…As passengers stranded at airports  

By Louis Iba

Several passengers across Nigerian airports were left stranded for hours yesterday owing to the scarcity of Dual Purpose Kerosene (also known as DPK and Jet A-1) which hit the aviation industry severely forcing airlines to either cancel or reschedule most of their flights.

A source at the domestic terminal of the Murtala Muhammed Airport (MMA2) Ikeja, Lagos, told Daily Sun that more than 30 per cent of scheduled commercial flights had to be either rescheduled or cancelled, with Arik Air, which operates the largest fleet of aircraft on many domestic routes, the worst hit.

“The limited supply of JET A1 (aviation fuel) across the country in the last few days has greatly hampered our flight operations,” Banji Ola, the spokesman for Arik Air told journalists yesterday.

“With over 100 flights daily, this limited supply of aviation fuel has resulted, regrettably, into flight delays and sometimes outright cancellations,” Ola added while apologising for all inconveniences being  experienced by the passengers.

 Daily losses to the airline industry due to the fuel scarcity is estimated at about over N200million. Aviation fuel is mostly imported into the country, and  Daily Sun learnt that most marketers have found it hard to access foreign exchange to bring in the product to meet the demands of the industry. It is the same trend playing out with premium motor spirit (PMS) whose scarcity has also affected vehicular movements across the country. The result is that most airports now witness chaotic scenes as passengers wait endlessly for explanations on why their flights were delayed or cancelled.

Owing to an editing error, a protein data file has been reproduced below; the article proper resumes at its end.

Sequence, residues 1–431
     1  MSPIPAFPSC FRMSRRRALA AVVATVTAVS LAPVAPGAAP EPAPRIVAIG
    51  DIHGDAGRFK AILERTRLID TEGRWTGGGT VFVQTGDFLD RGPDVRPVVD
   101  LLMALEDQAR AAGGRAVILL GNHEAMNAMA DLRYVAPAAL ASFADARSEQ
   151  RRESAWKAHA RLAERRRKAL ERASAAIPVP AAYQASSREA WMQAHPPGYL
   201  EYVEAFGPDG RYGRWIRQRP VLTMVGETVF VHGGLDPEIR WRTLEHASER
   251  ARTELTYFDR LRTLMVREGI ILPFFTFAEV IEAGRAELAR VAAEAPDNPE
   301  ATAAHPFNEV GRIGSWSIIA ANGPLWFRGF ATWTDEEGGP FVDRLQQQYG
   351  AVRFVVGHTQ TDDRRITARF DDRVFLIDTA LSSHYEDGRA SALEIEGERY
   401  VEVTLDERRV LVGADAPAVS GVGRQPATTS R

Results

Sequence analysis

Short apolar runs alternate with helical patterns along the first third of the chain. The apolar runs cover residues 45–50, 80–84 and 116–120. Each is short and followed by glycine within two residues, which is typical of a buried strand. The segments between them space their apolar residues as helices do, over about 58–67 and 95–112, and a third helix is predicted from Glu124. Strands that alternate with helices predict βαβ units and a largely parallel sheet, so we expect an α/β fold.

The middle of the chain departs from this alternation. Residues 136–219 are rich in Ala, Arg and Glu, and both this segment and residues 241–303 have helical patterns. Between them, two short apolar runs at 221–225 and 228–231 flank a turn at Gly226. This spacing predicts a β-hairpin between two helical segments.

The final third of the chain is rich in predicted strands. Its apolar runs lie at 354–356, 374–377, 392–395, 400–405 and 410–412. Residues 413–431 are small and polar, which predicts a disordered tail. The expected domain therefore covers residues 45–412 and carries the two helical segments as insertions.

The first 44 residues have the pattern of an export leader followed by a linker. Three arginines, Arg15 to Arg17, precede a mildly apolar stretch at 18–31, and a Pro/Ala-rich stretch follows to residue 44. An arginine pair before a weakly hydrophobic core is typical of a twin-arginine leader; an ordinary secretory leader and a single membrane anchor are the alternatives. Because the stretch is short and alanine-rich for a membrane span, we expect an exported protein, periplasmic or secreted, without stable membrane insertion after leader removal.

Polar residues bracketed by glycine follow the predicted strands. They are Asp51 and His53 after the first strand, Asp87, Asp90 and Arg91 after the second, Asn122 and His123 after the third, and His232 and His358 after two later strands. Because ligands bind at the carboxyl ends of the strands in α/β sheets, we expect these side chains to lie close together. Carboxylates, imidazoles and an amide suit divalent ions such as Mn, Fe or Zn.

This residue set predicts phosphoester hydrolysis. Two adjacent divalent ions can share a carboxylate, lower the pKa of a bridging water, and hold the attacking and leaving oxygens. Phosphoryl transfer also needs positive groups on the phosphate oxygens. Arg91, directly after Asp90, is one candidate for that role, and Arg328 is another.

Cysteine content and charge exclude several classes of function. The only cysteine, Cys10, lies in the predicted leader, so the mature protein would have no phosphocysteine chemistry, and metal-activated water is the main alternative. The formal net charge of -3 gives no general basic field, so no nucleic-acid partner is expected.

In such instances, aggrieved passengers were seen threatening to pounce on airline ticketing or counter officials if refunds were not made on their purchased tickets to enable them go on other available airlines.

“It is a very difficult time to live, work or do business that requires you to be travelling in Nigeria,” said a passenger at the Lagos domestic airport who identified himself as Michael. “I don’t know why the government is allowing this to happen at this time when the economy requires vibrant businesses. You want to go by air, there is fuel crisis; you opt to go by land, there is fuel crisis. Transportation is very pivotal to the growth of businesses and when this is being hampered as we are presently witnessing, then there is no way the larger economy of the country will ever be made prosperous. It is very frustrating,” he added.  

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